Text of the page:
A Conversation with Mro Raoul Lay
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Celebrated Maestro considers AX The Palace his ‘second home’.
Sitting on the patio of Talk of Town Café, Mro Raoul Lay spoke candidly about his new appointment as Artistic Director of the Malta Philharmonic Orchestra (MPO). Having already visited Malta five times, Mro Lay’s sixth visit to the island marked an exciting new chapter in his professional journey.
But where did it all begin? Mro Lay says that he always knew that he wanted to compose music, although he did not envision that he would become a conductor, too. He took to playing the piano from the young age of five, then went on to study music at the Marseille Conservatoire in the 90s, where he attended classes in singing, harmony, and choir and choral conducting and composition before founding his own ensemble, Télémaque.
How did your career as a conductor and composer begin?
During my studies, the most important area for me was composition. When I finished my classes, there was no ensemble of composers in Marseille, so I needed to create one. I was under 30-years-old, and it was impossible to have your original compositions played. As I learned how to conduct music, I went to Paris to see great conductors like Pierre Boulez and David Robertson, so I starting asking for their advice. I also got the opportunity to conduct ensembles with Péter Eötvös’ fantastic academy, made up of around 20 young conductors.
In 1999, I was asked by the Orchestra of Avignon to conduct a symphony of Mozart, which, of course, I accepted. Then I began being contacted from other orchestras in France, Italy and other countries. That’s how it all started, but I also had my own ensemble at the same time, so I travelled with Télémaque, specialising in music of the 20th century.
How has your work evolved throughout your career so far?
In general, French contemporary music is very dry – you have to write pieces that are very strong and not think about the audience’s reception of it. Sometimes it can be quite difficult to play, and to listen to contemporary compositions. Although I may have grown up with this tradition, I have become more emotional in my music, progressively. There is a sort of war, in France, between two schools – new music and neo-classical – but I belong to neither one.
I love precision – when a musician plays with clarity so that we can hear and really listen. But I’m also a complete fan of lyricism. As a composer, I don’t work only with abstract concepts, but I love when the music touches somebody and it can be felt in your body and soul. Being very personal in my work changed my way of life and, probably, as a conductor today, I’m really mostly concerned about relationships with the musician. I believe that this is why many orchestras call me, as good relationships can give birth to good music.
How did you get involved with the Malta Philharmonic Orchestra?
I came to Malta in 2014 to conduct a piece by Maltese composer Rueben Pace for a movie. I had met Rueben during the International Spring Orchestra Festival in Valletta, and we collaborated twice for the Mdina Biennale, then for Debussy and ‘Berlioz le Fantastique’. Last year, I was offered the opportunity to become Artistic Director of the MPO. While I used to conduct many orchestras and have my own company, it is a huge responsibility to become an Artistic Director, so there were a lot of things to take into consideration before accepting. I took time to make a decision, but I accepted the role as a new challenge. Moreover, the musicians were enthusiastic and I felt we could develop a good relationship.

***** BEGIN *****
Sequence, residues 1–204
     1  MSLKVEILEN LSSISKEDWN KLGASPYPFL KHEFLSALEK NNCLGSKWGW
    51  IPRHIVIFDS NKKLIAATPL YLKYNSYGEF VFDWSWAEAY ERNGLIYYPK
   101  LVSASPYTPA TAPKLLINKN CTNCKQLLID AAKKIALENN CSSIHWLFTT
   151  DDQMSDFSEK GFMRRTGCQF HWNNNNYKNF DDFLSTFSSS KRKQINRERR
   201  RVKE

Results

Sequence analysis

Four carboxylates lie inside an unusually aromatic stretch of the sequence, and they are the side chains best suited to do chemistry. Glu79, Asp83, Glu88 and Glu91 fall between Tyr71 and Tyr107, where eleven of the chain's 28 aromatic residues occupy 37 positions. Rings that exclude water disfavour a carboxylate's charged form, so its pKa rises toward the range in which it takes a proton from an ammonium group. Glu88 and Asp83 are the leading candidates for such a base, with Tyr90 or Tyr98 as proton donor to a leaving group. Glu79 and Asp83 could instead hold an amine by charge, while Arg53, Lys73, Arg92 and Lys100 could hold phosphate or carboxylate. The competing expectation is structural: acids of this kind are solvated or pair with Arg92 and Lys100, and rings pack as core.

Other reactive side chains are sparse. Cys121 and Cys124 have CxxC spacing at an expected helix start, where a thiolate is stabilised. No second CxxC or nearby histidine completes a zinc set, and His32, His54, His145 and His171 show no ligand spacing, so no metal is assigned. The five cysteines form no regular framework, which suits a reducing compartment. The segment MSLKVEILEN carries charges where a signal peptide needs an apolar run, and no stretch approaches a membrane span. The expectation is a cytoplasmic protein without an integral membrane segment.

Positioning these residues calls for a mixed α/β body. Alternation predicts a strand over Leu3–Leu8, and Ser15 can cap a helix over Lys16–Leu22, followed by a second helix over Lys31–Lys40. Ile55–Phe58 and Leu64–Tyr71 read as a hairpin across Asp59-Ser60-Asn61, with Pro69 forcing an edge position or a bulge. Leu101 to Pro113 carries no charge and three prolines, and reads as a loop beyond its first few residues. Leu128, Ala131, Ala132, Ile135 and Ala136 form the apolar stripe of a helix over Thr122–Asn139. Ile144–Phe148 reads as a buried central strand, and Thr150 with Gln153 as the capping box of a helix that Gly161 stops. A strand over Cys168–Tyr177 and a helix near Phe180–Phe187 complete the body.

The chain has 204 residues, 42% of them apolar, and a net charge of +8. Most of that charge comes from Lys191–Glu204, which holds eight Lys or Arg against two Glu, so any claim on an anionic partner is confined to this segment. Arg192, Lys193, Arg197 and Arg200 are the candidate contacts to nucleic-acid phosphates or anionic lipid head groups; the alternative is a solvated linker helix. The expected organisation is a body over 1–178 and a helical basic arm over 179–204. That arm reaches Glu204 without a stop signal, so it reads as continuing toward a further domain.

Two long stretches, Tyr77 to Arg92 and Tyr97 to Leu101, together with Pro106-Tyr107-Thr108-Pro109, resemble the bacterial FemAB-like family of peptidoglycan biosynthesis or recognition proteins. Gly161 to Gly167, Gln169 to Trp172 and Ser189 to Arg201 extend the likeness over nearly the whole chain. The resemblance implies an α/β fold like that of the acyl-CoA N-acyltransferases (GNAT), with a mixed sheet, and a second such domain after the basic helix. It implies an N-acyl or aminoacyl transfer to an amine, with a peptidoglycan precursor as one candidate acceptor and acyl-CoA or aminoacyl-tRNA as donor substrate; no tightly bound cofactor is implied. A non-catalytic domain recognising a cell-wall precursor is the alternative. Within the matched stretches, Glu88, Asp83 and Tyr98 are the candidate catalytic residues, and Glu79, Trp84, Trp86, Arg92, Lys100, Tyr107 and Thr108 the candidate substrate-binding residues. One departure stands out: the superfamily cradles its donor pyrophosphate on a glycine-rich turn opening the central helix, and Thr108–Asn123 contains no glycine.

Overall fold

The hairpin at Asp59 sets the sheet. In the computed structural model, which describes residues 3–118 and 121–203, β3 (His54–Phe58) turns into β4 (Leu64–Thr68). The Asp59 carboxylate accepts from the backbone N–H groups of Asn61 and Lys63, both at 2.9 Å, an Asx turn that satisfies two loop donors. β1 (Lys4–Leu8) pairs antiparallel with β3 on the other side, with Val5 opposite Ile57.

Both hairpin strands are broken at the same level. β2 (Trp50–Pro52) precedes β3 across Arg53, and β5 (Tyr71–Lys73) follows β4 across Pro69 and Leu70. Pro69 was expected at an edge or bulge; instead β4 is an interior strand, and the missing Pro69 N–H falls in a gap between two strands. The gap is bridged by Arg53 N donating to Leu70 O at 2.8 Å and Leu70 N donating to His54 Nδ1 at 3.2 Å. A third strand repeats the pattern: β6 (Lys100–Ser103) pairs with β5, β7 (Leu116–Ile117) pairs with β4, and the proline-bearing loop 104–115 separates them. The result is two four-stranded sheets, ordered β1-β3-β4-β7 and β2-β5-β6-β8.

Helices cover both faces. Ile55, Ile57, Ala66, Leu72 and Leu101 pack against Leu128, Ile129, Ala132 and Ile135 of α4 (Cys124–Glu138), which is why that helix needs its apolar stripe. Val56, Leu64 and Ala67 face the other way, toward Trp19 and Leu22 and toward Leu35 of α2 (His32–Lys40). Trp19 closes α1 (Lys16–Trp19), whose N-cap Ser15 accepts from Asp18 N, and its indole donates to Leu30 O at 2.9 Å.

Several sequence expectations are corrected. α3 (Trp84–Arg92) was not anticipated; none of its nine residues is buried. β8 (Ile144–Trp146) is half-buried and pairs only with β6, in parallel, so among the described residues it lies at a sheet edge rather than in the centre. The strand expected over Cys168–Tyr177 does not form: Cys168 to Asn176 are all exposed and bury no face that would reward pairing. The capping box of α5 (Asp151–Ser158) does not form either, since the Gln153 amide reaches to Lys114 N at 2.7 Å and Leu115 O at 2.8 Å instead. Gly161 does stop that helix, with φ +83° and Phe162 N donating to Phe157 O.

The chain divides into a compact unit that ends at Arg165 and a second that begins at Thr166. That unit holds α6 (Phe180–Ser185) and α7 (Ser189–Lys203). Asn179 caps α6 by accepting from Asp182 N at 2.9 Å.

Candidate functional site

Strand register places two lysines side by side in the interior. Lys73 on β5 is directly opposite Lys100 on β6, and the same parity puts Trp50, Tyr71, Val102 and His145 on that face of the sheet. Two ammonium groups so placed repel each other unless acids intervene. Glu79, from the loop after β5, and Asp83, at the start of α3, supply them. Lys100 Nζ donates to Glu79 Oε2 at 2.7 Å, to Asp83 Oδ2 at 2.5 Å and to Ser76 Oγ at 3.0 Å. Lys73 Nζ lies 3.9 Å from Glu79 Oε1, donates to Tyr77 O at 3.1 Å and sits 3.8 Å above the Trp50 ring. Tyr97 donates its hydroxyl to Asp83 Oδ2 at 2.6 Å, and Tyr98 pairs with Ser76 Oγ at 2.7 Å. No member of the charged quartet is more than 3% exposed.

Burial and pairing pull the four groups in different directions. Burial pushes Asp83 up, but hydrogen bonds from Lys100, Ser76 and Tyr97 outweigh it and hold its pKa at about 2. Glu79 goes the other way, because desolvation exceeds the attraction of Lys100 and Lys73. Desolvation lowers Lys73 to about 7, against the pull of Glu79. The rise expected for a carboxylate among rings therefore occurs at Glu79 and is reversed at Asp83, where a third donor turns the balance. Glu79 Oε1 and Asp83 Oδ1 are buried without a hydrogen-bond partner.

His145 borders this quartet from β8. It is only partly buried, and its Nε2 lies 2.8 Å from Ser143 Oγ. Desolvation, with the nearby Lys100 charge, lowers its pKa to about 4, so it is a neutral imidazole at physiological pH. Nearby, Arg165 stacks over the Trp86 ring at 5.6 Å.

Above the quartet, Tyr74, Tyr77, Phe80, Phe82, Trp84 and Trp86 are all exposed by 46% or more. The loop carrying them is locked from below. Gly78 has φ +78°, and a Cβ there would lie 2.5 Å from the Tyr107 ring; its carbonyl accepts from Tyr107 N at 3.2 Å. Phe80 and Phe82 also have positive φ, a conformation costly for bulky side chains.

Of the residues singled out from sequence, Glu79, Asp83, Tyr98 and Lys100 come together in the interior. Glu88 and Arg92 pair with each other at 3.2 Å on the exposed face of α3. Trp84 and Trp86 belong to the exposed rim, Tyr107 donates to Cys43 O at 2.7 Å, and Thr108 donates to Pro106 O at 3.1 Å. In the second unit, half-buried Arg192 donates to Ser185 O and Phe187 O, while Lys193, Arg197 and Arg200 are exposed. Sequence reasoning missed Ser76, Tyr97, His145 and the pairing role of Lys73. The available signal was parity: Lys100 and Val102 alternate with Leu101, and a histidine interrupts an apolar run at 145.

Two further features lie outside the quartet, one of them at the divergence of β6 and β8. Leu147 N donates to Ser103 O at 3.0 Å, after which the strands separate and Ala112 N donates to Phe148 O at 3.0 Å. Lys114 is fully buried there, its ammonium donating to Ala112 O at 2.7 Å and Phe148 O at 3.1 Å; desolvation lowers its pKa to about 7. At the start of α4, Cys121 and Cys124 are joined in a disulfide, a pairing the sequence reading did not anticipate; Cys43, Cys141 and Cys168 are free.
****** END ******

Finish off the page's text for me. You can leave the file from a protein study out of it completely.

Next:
It’s a great privilege to be at a point in my career where I am able to choose my next steps. The Malta Philharmonic Orchestra is entering a new era, with ambitious aims and major artistic targets, and I’m very happy to be part of it.
What was your first impression of Malta?
Although this is my sixth visit, I remember well how I loved Malta instantly. I saw Valletta, it’s a fantastic jewel – a baroque city surrounding by sea – just like an outdoor theatre. I was amazed by how familiar things felt here. I come from a French family with an Italian background, so I felt close to what I know and love when experiencing the Italian side of life in Malta. I felt like it’s my second home – and that feeling has completely stuck.
I always choose to stay at AX The Palace, as, although my days are dedicated to rehearsals and preparations, I find that it’s a good place to completely rest. I enjoy going running on the Sliema to St Julian’s promenade to relax and unwind, and the location is perfect because everything is within reach. I can go to Valletta by ferry to see Caravaggio’s painting, something which I like to do every trip. And if there’s one thing I would recommend to visitors, it would be to see a concert at the Manoel Theatre, because you can feel the music and the history at the same time. The chefs at AX The Palace are fantastic, and the staff are friendly and have helped me many times. I know all the drivers of Prestige Cabs by now, as we chat a lot on my way to rehearsals and shows. When I come here, the first word I hear is ‘welcome back’.